Why does Obama want to use elders as guinea pigs for testing medical procedures under IMAC?
As part of his health care package, President Obama proposed creating an independent commission of medical experts [IMAC] that would determine the medical procedures for which Medicare will pay. The reason is that patients now receive many costly procedures that provide little or no medical benefit. If we can reduce this waste, we can have large savings, while possibly even improving health outcomes. President Obama describes this as promoting good medicine.
He has a case, but there is one problem with this picture. If the plan is to promote good medicine, why are we just doing it for the elderly receiving Medicare? Why don't we want good medicine for everyone? ...
If the same rules for medical procedures were applied to everyone as to the elderly, it would be far less likely that genuinely useful procedures would be excluded from coverage just to save the government a few dollars. With far more eyes on the process, and far more interested parties, we could have much greater confidence that the panel's decisions were really based on sound evidence.
This raises another important issue about these sorts of medical panels: conflicts of interest. Top medical researchers have a bad habit of taking large consulting fees from folks like pharmaceutical companies, medical supply companies and insurance companies. In many cases, they even hold stakes in these companies.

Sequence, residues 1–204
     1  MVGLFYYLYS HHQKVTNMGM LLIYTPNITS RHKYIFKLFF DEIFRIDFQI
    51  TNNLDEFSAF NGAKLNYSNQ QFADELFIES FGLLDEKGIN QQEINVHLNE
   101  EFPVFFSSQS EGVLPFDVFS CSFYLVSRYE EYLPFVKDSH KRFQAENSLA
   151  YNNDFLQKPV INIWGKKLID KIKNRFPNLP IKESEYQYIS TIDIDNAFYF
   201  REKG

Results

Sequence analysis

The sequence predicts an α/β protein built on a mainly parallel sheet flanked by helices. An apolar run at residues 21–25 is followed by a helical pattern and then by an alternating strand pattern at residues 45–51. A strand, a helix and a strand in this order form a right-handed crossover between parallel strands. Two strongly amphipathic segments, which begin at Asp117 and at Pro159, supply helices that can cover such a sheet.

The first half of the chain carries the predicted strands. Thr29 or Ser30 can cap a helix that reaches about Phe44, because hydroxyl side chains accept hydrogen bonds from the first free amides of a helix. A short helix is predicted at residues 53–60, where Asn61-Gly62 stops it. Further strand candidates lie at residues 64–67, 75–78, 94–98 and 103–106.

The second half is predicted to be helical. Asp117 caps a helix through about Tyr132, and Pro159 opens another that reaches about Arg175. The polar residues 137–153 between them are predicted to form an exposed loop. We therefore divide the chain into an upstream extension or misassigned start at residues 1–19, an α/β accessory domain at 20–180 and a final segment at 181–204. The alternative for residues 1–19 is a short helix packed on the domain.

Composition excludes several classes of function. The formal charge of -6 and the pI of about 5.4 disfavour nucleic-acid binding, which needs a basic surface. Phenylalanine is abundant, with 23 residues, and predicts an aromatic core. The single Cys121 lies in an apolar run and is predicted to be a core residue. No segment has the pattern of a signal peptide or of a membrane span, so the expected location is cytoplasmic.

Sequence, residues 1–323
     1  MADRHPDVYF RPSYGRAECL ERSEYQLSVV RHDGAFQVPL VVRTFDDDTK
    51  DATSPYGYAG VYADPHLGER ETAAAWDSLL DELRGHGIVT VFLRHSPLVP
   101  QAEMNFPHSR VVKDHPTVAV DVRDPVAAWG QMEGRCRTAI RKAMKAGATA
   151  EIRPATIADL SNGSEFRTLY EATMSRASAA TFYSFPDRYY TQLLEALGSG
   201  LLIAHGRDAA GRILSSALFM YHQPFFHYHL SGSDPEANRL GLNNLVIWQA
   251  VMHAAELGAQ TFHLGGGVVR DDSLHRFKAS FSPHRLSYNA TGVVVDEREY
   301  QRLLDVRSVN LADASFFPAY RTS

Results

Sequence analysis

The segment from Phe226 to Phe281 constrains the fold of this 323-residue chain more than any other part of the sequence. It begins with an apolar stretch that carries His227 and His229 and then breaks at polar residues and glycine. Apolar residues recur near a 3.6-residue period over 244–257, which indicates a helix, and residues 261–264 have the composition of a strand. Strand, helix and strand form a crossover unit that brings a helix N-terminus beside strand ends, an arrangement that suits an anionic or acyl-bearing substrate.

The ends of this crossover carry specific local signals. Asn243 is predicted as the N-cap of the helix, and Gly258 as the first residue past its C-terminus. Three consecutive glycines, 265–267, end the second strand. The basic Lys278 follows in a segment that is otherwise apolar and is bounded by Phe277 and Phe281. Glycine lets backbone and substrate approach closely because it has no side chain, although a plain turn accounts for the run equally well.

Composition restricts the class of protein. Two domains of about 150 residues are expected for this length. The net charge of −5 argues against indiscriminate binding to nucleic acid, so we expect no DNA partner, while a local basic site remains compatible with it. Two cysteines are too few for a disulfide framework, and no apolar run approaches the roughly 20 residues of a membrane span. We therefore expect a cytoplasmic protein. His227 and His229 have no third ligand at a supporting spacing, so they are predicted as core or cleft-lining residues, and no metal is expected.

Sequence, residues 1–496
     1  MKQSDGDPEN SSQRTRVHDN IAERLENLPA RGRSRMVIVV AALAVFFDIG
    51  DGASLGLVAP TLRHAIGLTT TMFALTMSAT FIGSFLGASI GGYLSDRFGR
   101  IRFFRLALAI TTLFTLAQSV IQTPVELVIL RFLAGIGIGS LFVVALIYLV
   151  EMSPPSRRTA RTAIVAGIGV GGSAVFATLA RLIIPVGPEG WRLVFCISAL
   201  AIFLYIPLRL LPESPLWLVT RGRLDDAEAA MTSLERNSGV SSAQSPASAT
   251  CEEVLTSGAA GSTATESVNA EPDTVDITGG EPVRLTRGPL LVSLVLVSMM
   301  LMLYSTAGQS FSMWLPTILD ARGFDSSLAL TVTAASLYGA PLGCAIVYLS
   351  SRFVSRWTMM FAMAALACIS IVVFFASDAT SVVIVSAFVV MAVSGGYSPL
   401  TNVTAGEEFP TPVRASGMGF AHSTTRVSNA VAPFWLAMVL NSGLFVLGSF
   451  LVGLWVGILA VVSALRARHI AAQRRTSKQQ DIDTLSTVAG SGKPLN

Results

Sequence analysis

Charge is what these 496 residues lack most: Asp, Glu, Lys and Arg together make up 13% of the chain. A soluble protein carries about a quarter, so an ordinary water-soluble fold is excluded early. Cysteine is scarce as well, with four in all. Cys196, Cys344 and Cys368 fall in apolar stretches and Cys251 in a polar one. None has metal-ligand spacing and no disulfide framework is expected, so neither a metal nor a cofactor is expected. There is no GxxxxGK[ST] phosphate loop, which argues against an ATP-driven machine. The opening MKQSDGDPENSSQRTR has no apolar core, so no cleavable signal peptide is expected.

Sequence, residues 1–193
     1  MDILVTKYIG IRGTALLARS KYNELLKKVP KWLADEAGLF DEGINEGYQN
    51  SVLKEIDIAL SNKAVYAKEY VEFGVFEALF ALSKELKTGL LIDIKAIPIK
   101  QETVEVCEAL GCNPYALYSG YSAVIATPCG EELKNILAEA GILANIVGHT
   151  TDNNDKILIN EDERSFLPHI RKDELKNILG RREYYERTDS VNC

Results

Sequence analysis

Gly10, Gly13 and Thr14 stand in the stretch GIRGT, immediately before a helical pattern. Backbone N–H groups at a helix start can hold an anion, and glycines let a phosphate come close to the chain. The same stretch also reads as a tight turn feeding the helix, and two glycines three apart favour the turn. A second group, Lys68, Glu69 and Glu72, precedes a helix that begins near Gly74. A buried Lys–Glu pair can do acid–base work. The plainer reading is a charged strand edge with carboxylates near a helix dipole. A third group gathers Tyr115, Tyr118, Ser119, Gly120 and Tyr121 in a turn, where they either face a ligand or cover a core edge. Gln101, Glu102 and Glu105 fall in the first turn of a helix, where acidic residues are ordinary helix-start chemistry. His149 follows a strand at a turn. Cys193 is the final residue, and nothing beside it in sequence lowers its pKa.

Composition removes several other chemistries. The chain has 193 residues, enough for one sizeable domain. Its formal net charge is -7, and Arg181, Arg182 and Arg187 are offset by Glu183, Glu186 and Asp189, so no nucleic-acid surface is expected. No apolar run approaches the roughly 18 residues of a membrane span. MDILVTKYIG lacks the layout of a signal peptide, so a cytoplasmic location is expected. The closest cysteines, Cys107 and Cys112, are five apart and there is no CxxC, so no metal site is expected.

These medical experts are undoubtedly all very honorable people. However, it simply is not fair to ask the public to trust the health of their loved ones to a medical expert who got a $50,000 check from a company that stands to profit or lose large sums of money depending on their decision. ...
But if the choice is between no panel or a panel comprised of people on the payroll of the drug companies and their ilk, then no panel would be the better outcome. The fact that putting together a conflict-free panel is actually a problem is a testament to the corruption of our health care system. In the country as large as the United States, there should not be any difficulty finding top experts who survive on their salary as a researcher. The vast majority of us survive on considerably less money.
In short, President Obama's plan to weed out ineffective and wasteful medical procedures is a good one. But we should not single out Medicare beneficiaries as guinea pigs in this adventure, and definitely must ensure that the people to whom we entrust our health are not on the industry payroll.
Look, I'm sure there's a very good reason. Let me just put this can of dog food down while I look for it...
NOTE Hat tip, Jawbone.